Street Sounds: At 81, Willie Nelson's still going strong

At 81 years old and 50-plus albums, Willie Nelson is a clear eyed reporter of world weary choices, moody regret and aw shucks bad assery.

On Band of Brothers, his first mainly original album in over a decade, Nelson reasserts his songwriting mastery in an album replete with his end-of-the-night chord patterns and western swing/country pop hybrid songs.

Nelson’s vigorous work ethic has kept his tremulous voice in solid form (as a vocal stylist, his shaky voice is singular.) Producer Buddy Cannon’s highlighting of Nelson’s voice and rickety, elegant guitar work dovetail sweetly into the relaxed songs of Band of Brothers – an unhurried collection of classic Nelson themes of camaraderie (Guitar in the Corner), the road (Band of Brothers) and wayward love (Wives and Girlfriends).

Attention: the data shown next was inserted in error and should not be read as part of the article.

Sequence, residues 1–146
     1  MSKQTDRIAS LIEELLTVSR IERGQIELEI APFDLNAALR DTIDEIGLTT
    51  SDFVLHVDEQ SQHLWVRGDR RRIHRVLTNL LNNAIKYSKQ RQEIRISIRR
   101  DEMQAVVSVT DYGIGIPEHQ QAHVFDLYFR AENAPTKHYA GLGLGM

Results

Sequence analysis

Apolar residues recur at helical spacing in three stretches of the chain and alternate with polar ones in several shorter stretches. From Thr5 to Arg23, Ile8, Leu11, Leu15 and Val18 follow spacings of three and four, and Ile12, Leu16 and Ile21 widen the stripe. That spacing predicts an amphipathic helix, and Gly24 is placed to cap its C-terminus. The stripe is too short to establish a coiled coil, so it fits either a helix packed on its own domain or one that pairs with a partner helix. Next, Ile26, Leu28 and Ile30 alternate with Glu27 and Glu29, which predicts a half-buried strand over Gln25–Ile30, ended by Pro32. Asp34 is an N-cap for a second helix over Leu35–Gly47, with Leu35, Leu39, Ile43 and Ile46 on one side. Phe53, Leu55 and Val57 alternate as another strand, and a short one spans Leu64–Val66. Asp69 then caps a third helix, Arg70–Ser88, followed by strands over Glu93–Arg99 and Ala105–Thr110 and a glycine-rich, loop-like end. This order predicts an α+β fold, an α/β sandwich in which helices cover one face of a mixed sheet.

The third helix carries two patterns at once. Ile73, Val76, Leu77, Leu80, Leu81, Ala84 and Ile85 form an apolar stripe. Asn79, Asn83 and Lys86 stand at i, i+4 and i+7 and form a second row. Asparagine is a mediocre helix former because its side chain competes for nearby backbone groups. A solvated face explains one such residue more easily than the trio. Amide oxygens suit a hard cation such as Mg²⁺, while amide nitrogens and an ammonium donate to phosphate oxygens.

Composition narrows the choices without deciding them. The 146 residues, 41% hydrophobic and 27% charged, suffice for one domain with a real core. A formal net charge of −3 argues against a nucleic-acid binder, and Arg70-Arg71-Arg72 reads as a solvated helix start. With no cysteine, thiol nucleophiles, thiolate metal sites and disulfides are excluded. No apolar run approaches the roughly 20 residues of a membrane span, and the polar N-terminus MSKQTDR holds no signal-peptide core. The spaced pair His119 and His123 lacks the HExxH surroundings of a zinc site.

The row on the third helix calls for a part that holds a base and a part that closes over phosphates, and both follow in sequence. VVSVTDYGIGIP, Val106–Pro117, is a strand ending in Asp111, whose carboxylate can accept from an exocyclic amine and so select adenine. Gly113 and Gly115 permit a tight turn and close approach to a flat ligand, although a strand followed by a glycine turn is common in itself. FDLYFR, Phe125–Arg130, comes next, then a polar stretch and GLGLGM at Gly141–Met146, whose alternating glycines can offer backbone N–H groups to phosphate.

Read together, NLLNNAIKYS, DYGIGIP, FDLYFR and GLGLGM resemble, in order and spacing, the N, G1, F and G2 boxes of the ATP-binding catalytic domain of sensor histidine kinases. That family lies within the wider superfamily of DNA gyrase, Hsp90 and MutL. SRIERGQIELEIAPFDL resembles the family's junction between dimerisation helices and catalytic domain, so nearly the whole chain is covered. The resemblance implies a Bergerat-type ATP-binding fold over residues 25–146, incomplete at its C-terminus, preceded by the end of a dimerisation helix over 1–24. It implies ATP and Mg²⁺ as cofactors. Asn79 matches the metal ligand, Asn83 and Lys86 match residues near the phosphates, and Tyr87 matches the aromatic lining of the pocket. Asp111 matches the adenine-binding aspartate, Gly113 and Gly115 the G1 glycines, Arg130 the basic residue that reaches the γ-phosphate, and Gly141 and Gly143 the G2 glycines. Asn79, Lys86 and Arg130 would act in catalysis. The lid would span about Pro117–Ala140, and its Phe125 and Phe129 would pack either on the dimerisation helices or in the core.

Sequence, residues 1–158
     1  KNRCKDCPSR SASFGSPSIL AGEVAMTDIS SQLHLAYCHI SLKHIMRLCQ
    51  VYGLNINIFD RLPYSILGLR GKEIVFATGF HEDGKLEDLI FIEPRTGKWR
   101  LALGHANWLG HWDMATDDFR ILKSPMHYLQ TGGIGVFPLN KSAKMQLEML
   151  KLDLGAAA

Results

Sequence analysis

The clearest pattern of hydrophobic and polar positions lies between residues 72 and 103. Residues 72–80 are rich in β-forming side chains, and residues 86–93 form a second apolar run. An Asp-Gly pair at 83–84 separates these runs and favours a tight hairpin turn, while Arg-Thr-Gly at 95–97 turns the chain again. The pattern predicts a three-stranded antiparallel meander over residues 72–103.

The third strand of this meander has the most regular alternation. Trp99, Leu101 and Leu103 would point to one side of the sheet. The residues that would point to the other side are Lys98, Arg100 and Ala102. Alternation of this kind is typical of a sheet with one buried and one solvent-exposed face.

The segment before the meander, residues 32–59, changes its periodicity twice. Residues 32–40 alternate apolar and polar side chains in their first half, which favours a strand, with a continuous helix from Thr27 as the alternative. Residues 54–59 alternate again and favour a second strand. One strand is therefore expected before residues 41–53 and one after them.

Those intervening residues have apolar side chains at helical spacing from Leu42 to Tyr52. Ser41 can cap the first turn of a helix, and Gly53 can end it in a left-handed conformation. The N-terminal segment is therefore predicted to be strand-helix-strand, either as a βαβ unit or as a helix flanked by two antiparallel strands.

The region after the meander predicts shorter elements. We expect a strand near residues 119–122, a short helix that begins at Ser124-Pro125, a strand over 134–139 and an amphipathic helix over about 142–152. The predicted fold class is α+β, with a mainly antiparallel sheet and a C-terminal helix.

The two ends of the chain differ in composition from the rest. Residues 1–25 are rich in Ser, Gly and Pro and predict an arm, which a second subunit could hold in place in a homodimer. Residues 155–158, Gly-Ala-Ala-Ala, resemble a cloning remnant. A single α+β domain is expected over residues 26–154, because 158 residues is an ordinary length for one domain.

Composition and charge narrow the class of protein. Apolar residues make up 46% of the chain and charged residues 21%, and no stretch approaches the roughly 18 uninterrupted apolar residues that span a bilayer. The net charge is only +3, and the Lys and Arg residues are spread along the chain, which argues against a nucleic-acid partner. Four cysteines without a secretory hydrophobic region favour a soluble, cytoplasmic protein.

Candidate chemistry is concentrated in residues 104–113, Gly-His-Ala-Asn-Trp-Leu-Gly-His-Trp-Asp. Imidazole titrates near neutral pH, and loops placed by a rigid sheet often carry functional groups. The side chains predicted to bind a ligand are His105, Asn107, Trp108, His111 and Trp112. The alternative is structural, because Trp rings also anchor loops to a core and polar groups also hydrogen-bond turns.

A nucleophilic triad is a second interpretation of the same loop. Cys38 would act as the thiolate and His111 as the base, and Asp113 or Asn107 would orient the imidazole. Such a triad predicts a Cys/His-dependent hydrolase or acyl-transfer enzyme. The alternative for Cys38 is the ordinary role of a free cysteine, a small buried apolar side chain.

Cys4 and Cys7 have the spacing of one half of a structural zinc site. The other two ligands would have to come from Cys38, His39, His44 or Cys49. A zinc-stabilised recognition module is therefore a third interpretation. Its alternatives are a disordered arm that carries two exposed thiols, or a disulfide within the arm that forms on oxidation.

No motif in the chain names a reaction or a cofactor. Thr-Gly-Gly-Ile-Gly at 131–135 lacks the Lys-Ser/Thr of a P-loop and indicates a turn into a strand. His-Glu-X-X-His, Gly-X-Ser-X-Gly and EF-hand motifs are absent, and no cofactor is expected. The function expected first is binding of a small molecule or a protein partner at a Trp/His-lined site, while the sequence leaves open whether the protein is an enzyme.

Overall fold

This album shines light on Nelson’s songs which, along with his voice, are ageless because they’ve always sounded old.

Both are strong and confident, shaded by darkness and humour:  He’s no serious prophet but he’s a wry observer of basic situations who turns simple sentiments into roadside wisdom.

Nelson has always had an ear for the “whatever happens,” the type of view as heard on Used to Hear:

“I wish I wasn’t used to her back then, I could have picked a good girl who did not crave other men/ I wish I wasn’t used to her back then.”

Band of Brothers is focused on Nelson’s ensemble, playing western swing songs and easy excursions into bluesy sounds (The Git Go, Hard to Be an Outlaw).

His workhorse musical output has kept his vocal/guitar and songwriting skills vital and pleasantly weathered. This album hones in on all three of his talents with emphasis on the latter. He gives an insight to his longevity and drive on The Songwriters: “We write bridges, we cross ‘em and burn ‘em/Teach lessons but don’t bother to learn ‘em.”

Dean Gordon-Smith is a Vernon-based musician who reviews new releases for The Morning Star every Friday.


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